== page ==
They entered the forest, stalwartly. The darkness within was impenetrable, even their torches made little difference within the mystical woods. The strangeness of the forest beset them in moments, as children’s laughter could be heard. The laughter passed them by, as if the children were running at their feet. There was the rustling of branches and underbrush, but no sight of the ghostly youths.
One of the brothers walked headlong into a tree. “Ugh, damn it I can’t see a thing! My torch is useless.”
Mainard tugged at his father’s cloak. “I can see father.”
Tancred felt for the boy, “The child’s eyes can penetrate the darkness, let him lead the way Clovis.”
“Are you afraid?” Clovis asked his son.
“I am, but fear can be conquered.” Mainard replied, repeating one of his fathers teachings.
“You will be a great warrior some day, but tonight you must do only as you are told.”
“Yes father.” He replied, moving him toward Tancred and leading them into the forest.
After a few hundred meters, small glowing orbs became visible.
“Father, do you see the lights?” Mainard asked.
Tancred answered first. “I can see them, they’re Will-o’-the-wisps; The spirits of the dead.”
“What ever they are,” Clovis said, “They’re lighting the way.”
“There!” The nephew exclaimed. “I saw her!” He said, rushing into the depths of the forest.
“Don’t wander off!” Tancred yelled, “They’re trying to split us up.” He gestured to the others and they all made their way quickly in pursuit of the nephew.
Clovis saw him turn behind a large tree but when he made the same turn, the nephew was nowhere to be found. “Where did he go?” Clovis asked, turning around and searching the unnatural darkness as Tancred came to him.
“We must stick together.” He said as he reached Clovis
“Get out!” a children’s whisper exclaimed, “Get out! Get out! Get out!” The whisper became a shout, and soon the words repeated were so loud that Clovis and the others fell to their knees.
“Not without my daughter!” Tancred yelled, bravely withstanding the cries of the forest.
“She belongs to us now!” said the forest, with a thousand voices. “Leave now and we will let you live, stay and you will be damned for eternity!” Behind them a path opened, and the canopy retreated, revealing a moonlit path. The archway that had been created led to the stone fence.
“Tancred.” Clovis said, taking his arm. “There is nothing we can do, we must go.”
Tancred’s eyes watered, “No.”
“Then you’ll stay here.” said one of the brothers.
As they made their way toward the village the passage collapsed abruptly. “All or none!” said the voices.
“Tancred.” said Clovis, “We have no choice, we can’t sacrifice six men for your daughter.
“That’s simple for you to say! It’s not your boy out there. It should be!”
Clovis grasped the handle of his sword.
“Father.” Mainard said, resting his hand on marble pummel of the sword. “I will take her place.”
“You will do no such thing!” Clovis said.
Tancred looked at the boy, his tearing eyes softened.
Mainard turned to the forest. “Return the girl and I will take her place.”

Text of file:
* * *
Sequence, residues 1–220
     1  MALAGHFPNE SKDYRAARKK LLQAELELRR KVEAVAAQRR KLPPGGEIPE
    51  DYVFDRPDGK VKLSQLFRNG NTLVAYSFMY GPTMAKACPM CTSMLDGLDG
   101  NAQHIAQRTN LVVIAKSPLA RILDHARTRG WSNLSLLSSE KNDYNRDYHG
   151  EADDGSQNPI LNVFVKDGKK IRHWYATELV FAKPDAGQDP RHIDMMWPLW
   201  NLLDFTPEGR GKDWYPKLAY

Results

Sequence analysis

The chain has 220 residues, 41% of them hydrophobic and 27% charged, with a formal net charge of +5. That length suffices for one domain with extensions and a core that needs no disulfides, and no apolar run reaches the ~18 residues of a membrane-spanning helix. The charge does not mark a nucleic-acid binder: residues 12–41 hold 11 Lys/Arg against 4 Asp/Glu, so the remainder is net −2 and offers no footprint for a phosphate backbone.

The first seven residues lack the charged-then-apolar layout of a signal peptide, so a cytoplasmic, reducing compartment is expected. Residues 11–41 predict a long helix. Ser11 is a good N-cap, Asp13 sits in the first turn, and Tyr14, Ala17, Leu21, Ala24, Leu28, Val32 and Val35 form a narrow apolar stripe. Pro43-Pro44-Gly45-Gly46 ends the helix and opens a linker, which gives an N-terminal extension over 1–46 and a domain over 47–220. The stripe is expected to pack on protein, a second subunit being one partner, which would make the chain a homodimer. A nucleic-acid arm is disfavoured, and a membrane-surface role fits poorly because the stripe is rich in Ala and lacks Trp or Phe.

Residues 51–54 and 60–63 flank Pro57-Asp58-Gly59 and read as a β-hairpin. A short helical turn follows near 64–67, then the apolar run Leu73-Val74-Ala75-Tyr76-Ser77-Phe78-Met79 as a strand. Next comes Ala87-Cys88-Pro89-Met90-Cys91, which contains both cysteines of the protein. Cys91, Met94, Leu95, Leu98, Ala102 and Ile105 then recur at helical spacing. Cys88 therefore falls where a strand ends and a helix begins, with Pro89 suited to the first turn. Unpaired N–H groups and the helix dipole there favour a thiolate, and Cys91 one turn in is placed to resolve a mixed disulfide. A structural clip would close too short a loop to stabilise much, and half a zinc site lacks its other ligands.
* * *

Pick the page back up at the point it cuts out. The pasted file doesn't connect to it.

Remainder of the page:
Clovis grasped his son by the shoulder “No! You can’t negotiate with these beings!”
“Get out! We trade nothing!” The voices said. “Leave alive, or stay dead. Get out!”
One of the brothers drew his blade. “I’m not dying here Tancred, if you wish to stay, you stay as a corpse.”
Clovis drew his blade and stood between Tancred and the brothers.
The second brother drew his sword as well.
“Do you two think you can best me? I’ve killed a slew of men, all far greater warriors than you. Stand down or I will prove my words.” Clovis said.
“Do it!” a voice whispered. “Kill them!”
Clovis shook his head. “Your charms won’t work. I will not kill by mere suggestion.”
“Perhaps they are of weaker will.” It said. A small spark of light appeared on Clovis’ shoulder, where the whisper had been coming from. It took the shape of a miniscule man and flew toward the other two. Sparkles of light trailed behind it and it emitted a sound similar to the crackling of ice. “Will you amuse me? Take up his offer! Prove that you are greater warriors. It’s two against one, the odds of winning are greater for you!” It said to them.
Their eyes seemed glazed as they watched the floating sprite that continued to charm them.
Clovis shook his head, “Don’t be weak fools, all it wants is a show. It’s playing with us as a child plays with a new found toy.”
Tancred watched as more, perhaps a dozen or so appeared. “Where is my daughter?” He asked, to the sprites.
“She is no longer yours. She came of free will to us! She belongs to the forest now.” One said.
“We can take him.” One of the brothers said, stepping toward Clovis with his sword at the ready.
Mainard moved toward Clovis, “Father!”
“Stay back.” He said, pushing him away with his free hand.
The man lunged forward.
Clovis quickly parried and pulled the mans arm to put him off balance. He repositioned his sword to parry the potential blow from the second man, but the man was apparently still spellbound by the faerie before him. Clovis took advantage of that fact and struck him in the head with the marble pummel of his sword.
The man crumpled to the ground unconscious.
“You see! He killed your friend!” the faerie said to the remaining assailant.
“Clovis!” He yelled thrusting once again toward him.
Clovis simply sidestepped to avoid the clumsy blow and simultaneously grabbed the mans sword hand while striking him with the broad side of his blade. He lowered the dazed villager to his knees and disarmed him. “Tancred, carry the other one, we’re leaving.”
“At least my nephew!” Tancred continued to plea.
“Fine, the fun’s done anyway. Take your prize and never return, or I’ll curse you myself!” said the faerie who had appeared on Clovis’ shoulder.
The tree they had stopped at cracked open, the nephew slowly rolled out, covered in a brown sludge that reeked of rot.
Behind them the passage opened once again.
The six left, Tancred carried his nephew while the disarmed man carried his unconscious brother. Mainard walked with his father and couldn’t help but look back at the faeries in search of the one that had charmed Hannah. It had changed shape by now, and he couldn’t make out much before the forest closed up behind them.
The group walked over the stones, Tancred stopped to look back; as did Mainard.
“Come, we can’t stay here.” said Clovis
Mainard took Tancred’s free hand, partly to console him and partly to ask forgiveness.
Tancred looked down at the boy. With a solemn tone he spoke. “You did something very brave tonight Mainard, it won’t be forgotten.”